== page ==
Hawaiian Telcom, the state’s largest telecommunications company, and Cincinnati Bell are merging in a cash-and-stock deal worth $650 million.
The two companies said today they will keep their separate local brand identities and operations. The boards of directors of both companies approved the agreement.
Hawaiian Telcom will continue to be locally managed from Hawaii and its existing union labor agreements will be honored. Hawaiian Telcom will name two directors to the combined board of directors and these seats will be held by Hawaii residents, which Hawaiian Telcom said ensures that Hawaii is well represented when broader strategic decisions are made. Hawaiian Telcom has 1,300 employees and Cincinnati Bell has 3,000.
“Cincinnati Bell’s track record of success and commitment to investing in the build-out of its regional fiber network in both urban and non-urban areas over the past decade makes it a great partner for us,” Scott Barber, Hawaiian Telcom president and chief executive officer, said in a statement. “We look forward to sharing our companies’ fiber expertise and enhanced service offering as we continue to expand our Next-Generation Fiber Network throughout the state of Hawaii. With our highly complementary values, distinctive brands and vision focused on fiber as the future, and our shared commitment to the communities in which we operate, I am confident this partnership will provide great opportunities for growth and value creation to both Hawaiian Telcom and Cincinnati Bell stockholders, along with our customers and partners.”
Under the agreement, which includes the assumption of net debt, Hawaiian Telcom stockholders will have the option to elect either $30.75 in cash, 1.6305 shares of Cincinnati Bell common stock, or a mix of $18.45 in cash and 0.6522 shares of Cincinnati Bell common stock for each share of Hawaiian Telcom. The total amount is subject to proration so that what is paid to Hawaiian Telcom stockholders will be 60 percent cash and 40 percent Cincinnati Bell common stock. The payout represents a 26 percent premium to Hawaiian Telcom’s closing price of $24.44 on Friday. Hawaiian Telcom stockholders will own approximately 15 percent and Cincinnati Bell stockholders will own approximately 85 percent of the combined company.
“Cloud migration, the need for fiber infrastructure that supports 5G-ready, high-density data transmission and IoT (Internet of Things) are the key trends that will define telecommunications in the future,” Leigh Fox, president and CEO of Cincinnati Bell, said in a statement. “We are excited about the opportunity to partner with Hawaiian Telcom as part of Cincinnati Bell’s refined strategy to build two distinct businesses with the appropriate scale, structure and leadership to deliver superior operating results, while providing strategic optionality from a diversified but complementary portfolio of assets. Today’s announcement positions us to capitalize on these favorable market dynamics while enhancing our leadership at the forefront of the telecommunications landscape. Hawaiian Telcom brings Cincinnati Bell greater financial and operational scale and an established market position in a new geography to seize upon the growing demand for fiber.”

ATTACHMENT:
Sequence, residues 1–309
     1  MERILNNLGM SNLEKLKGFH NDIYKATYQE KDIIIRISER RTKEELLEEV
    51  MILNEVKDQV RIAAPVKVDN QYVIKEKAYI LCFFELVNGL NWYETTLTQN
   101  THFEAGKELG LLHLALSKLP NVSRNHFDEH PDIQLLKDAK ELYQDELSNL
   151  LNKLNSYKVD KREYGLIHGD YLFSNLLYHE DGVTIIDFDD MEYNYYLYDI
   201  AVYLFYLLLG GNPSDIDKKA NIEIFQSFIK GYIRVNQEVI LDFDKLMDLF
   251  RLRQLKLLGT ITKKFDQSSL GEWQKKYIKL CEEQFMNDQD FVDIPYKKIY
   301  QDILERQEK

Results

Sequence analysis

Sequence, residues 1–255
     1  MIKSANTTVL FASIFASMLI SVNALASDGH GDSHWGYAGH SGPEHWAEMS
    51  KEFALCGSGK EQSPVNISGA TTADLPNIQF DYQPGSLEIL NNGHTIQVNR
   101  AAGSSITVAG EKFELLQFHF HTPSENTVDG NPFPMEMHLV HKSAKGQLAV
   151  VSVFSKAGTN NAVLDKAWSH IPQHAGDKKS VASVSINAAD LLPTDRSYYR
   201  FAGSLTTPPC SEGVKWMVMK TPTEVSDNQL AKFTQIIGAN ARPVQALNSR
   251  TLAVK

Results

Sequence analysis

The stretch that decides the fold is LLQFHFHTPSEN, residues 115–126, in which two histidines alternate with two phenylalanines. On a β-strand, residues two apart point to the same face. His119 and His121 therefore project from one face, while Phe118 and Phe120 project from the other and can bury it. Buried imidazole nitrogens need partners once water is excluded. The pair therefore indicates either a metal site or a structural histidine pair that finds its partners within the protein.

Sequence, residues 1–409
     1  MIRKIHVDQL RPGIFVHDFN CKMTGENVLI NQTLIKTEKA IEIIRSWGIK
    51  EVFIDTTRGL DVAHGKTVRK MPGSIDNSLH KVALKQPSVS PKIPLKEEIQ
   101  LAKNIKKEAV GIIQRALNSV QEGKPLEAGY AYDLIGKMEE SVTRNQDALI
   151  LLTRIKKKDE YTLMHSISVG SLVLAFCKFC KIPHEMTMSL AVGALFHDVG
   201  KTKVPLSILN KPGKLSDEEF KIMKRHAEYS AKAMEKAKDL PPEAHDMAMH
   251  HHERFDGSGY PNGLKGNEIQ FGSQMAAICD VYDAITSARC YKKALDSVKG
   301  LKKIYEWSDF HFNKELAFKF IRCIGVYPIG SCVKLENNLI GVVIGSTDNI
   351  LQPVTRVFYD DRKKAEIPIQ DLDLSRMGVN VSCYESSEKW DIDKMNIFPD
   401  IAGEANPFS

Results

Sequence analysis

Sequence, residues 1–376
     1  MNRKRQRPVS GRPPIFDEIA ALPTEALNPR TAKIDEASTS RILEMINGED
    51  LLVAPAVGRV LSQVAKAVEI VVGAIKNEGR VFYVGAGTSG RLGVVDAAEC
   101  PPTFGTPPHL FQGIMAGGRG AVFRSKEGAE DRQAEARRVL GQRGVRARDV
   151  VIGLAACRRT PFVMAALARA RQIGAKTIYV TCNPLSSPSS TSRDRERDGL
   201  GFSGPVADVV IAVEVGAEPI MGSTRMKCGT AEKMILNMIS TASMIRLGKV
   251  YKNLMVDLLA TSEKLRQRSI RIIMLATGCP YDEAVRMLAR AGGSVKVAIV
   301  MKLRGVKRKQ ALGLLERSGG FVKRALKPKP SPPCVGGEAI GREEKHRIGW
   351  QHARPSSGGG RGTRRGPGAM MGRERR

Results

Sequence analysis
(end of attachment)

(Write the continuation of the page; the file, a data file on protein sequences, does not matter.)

With the merger, Cincinnati Bell gains access to the Hawaii market and will provide Hawaiian Telcom with expanded liquidity and capital flexibility to continue to expand its Next-Generation Fiber network. The companies’ combined fiber networks exceed 14,000 fiber route miles. In addition, Hawaiian Telcom provides Cincinnati Bell with direct access to the 2.6 terabytes of transpacific fiber cable capacity linking Asia and the U.S.
The merger, which is subject to federal and state regulatory approvals and approval by Hawaiian Telcom’s stockholders, is expected to close in the second half of next year.
In early trading, Hawaiian Telcom’s stock was up $4.56, or 18.7 percent, at $29. Cincinnati Bell’s stock was off $1.58, or 8.2 percent, at $17.77.